I'm always glad when the cows are behind a good solid fence. There were a few frightening experiences I had earlier in life involving free-ranging cattle hanging out on roads I was travelling. The funniest was when I was headed south back to Arizona from Moab, Utah. I was rolling through the Navajo reservation when suddenly, ghostly colored forms appeared to be floating all around me. Probably the sheep and cows were more frightened than I was but you probably won't be able to actually convince me of the fact. Whatever the case, ever since I've believed that the place for such creatures is behind a fence, or at least, not wandering the highways in search of some poor traveler to terrorize.

Scheduled for the fourth day of the vacation was a trip to the Tallgrass Prairie Preserve near Pawhuska. Normally we slowly drive the roads through the preserve, viewing plenty of bison in addition to the wide array of local birds. This particular day the bison were not cooperative. The nearest we came was probably a solid half a mile away. The scenery was still nice though and well worth our time.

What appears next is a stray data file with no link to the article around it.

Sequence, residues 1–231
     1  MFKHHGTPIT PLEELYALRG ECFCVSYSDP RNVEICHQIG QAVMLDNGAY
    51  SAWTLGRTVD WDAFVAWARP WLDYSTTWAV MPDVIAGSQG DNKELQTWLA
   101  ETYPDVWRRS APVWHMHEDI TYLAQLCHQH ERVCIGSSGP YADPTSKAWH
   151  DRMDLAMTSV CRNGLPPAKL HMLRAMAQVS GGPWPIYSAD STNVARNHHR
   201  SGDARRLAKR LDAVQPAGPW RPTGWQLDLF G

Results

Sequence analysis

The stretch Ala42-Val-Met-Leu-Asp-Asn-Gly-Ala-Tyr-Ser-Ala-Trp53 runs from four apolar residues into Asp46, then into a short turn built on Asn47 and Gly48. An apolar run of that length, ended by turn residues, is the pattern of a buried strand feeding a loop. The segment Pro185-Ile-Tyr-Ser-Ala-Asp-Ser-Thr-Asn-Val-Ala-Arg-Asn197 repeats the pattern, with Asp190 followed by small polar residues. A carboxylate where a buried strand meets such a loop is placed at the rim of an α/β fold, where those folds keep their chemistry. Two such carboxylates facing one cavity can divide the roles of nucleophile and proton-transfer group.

I decided ahead of time that the last day would be dedicated to the long rod. By mid afternoon I finally got away down to the creek and started fishing. Right away I had a nice fish on the popper but then things slowed down. Finally I settled on the popper with a simi seal leech dropper and this seemed to be the best solution. The gar never did come around much so I didn't really get any good shots at it. The panfish were more than cooperative though and made the afternoon enjoyable.

As always, it was a great trip to Oklahoma. Hopefully I'll be able to return again in the not too distant future. I'm usually doing pretty good if I can make it out there every couple of years so we'll see. In the meantime, I'll be trying to figure out what exactly gar eat and how you go about catching them...

3 comments:

  1. hawgdaddy7:52 AM